CLARKSTON, Wash. - A crowd of nearly 150 gathered at Chief Timothy Park on
an island seven miles west of Clarkston to attend a blessing conducted by
elders of the Nez Perce Tribe. Principal among the crowd, and the person
behind this particular location, was Maya Lin. Her sculptures and monuments
are internationally renowned and include the Vietnam Veterans Memorial in
This island site is the easternmost of seven locations that comprise the
Confluence Project along the Columbia River Basin stretching westward to
the Pacific Ocean. The selected sites, which are along the route taken by
Lewis and Clark, mark the confluences of rivers, ecosystems and time in
addition to American Indian cultures.
The Confluence Project is a collaboration of tribes including the
Confederated Tribes of the Umatilla and the Nez Perce. It has raised nearly
two-thirds of the $22 million necessary to complete the project.
Prior to the blessing, Lin shared her thoughts about the project and this
site in particular. She explained why she and members of the Nez Perce
Tribal Council selected this site, a circular depression on an island
adjoining the Snake River with basalt cliffs rising skyward all around,
rather than a site proposed in the town of Clarkston.
"We came out here and I walked into this natural depression, like an
amphitheater. The connection with the basalt and the sky was something I
thought was really special and I thought I could make art work around it."
She hasn't yet firmed thoughts on what this site will eventually contain.
"I didn't want to have too many ideas before the blessing ceremony. This is
a natural sky bowl. How much do you want to work with it? Very little. The
landscape is the art.
"I think what I will be doing is connecting you back to the fundamental
elements: the cliffs, the sky and how we relate to landscape." She added,
"I am so honored that this ceremony is going to take place here."
Wilford "Scotty" Scott, Nez Perce elder, voiced similar comments. He had
toured this location with Lin before. "When we got to this spot, I think it
just struck everybody. You could look across and see both sides of the
hills and you could look up and down the river. We could visualize where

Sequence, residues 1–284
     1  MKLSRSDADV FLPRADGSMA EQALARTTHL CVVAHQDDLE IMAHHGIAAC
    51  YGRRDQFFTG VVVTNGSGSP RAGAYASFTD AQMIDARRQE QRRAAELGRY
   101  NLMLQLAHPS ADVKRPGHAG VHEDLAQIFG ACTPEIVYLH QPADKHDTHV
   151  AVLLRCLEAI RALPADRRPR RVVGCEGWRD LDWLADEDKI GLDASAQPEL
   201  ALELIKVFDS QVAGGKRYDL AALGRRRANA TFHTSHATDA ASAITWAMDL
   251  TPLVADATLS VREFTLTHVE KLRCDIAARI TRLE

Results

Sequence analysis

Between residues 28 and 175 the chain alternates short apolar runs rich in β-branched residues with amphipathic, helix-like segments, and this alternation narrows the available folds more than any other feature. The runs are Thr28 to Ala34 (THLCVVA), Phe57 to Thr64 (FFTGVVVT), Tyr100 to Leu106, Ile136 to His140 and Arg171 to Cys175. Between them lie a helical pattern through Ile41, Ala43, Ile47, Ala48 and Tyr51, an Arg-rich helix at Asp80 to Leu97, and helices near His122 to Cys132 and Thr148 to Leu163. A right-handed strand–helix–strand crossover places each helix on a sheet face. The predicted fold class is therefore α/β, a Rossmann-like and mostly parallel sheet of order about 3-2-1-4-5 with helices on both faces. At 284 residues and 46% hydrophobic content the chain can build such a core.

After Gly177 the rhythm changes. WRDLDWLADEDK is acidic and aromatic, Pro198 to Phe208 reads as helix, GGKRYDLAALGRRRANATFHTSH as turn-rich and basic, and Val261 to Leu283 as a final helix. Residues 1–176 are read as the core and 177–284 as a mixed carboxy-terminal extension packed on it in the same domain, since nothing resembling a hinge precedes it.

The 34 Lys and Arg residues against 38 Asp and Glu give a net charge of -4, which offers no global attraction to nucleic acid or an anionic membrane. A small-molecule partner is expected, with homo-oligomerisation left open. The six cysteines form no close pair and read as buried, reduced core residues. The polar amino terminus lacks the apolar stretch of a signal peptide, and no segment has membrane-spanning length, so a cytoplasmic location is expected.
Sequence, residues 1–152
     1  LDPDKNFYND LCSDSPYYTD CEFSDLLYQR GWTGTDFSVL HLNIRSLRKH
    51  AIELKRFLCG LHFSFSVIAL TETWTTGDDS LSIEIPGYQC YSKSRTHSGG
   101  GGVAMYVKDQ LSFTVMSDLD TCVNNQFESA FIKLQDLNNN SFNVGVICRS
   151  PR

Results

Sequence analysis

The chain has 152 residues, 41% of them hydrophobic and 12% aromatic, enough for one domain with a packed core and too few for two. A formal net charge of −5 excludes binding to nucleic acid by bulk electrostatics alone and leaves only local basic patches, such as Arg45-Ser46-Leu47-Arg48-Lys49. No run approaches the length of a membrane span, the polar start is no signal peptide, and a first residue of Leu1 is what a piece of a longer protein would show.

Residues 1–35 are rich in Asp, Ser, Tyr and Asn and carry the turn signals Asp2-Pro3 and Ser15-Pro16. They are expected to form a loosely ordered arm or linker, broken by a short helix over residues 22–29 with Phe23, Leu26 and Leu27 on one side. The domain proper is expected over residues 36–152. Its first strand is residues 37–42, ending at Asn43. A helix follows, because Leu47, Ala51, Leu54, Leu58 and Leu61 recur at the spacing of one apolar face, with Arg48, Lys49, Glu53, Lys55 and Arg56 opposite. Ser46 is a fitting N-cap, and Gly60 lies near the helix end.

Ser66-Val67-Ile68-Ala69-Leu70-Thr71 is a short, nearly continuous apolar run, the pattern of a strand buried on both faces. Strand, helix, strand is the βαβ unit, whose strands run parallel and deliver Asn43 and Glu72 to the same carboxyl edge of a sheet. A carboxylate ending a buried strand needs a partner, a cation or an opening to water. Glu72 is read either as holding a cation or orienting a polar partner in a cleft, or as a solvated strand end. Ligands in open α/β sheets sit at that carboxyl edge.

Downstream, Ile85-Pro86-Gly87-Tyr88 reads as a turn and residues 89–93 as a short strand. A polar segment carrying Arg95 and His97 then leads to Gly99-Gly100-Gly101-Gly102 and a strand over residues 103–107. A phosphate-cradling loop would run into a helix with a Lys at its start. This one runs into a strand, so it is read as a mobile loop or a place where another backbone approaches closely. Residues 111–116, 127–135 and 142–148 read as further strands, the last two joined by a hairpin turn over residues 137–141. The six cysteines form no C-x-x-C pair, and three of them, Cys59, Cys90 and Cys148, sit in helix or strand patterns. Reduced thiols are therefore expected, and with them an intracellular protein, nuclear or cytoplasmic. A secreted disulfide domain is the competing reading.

our people lived and camped. This young lady asked the question of where to
construct a memorial and she voiced an answer that most of us had in our
"We wanted someplace out where you could come and hear the people. When we
go to the battle sites we hear the voices, the crying and the gunshots.
These are things we experience when our people come to these places. I
admire this young lady very much. Both meetings we've had with her have
been inspirational to me."
Scotty and Horace Axtell led the crowd to the blessing site. Axtell, widely
known as "Uncle" throughout the region, is a spiritual leader.
Axtell began by thanking the Creator for the beautiful day, saying every
day is a blessing. The crowd was largely non-Indian, and Axtell explained
how "the sound of the drum, in a spiritual way, is the heartbeat of all of
us who believe this way. This is our way of life. Each one of these songs
is a prayer.
"When other religions came, they took away a lot of our people from these
old ways. Some of us still hang onto these important parts of the Nimipuu
[Nez Perce]. That's why we're here today. We're blessing this ground."
With Scotty serving as master of ceremonies, several people spoke about the
Antone Minthorn, chairman of the Board of Trustees for the Umatillas,
described the early history of the area: how these travel routes were
important to the cultures 200 years ago and for Indian people for thousands
of years before that. Today they are important ports and cities of the
He said, "It is now appropriate to preserve and honor these sites for
future generations so they will know their history and tremendous cultural
and environmental values. After 200 years, we thought it was time to view
the Native American perspective on the Lewis and Clark Expedition. Our
thinking converged on Maya Lin doing a project, so we went to New York City
to meet with Maya Lin. She's here with us today."
Royce Pollard, mayor of Vancouver, spoke about the significance of this
site and this project "not only to our region but to the nation and to the
world. This is good stuff, folks. This is what we ought to be doing for our
He also spoke with pride of the relationship Vancouver has with the Nez
Perce and other tribes, saying it was an honor for the city, which he
considered to be the second home of the Nez Perce, and that they are
welcome there any time.
With the women seated on the south and the men on the north, the blessing
began. Five prayers were sung to the sound of the drums and a bell. The
blessing of the site was complete.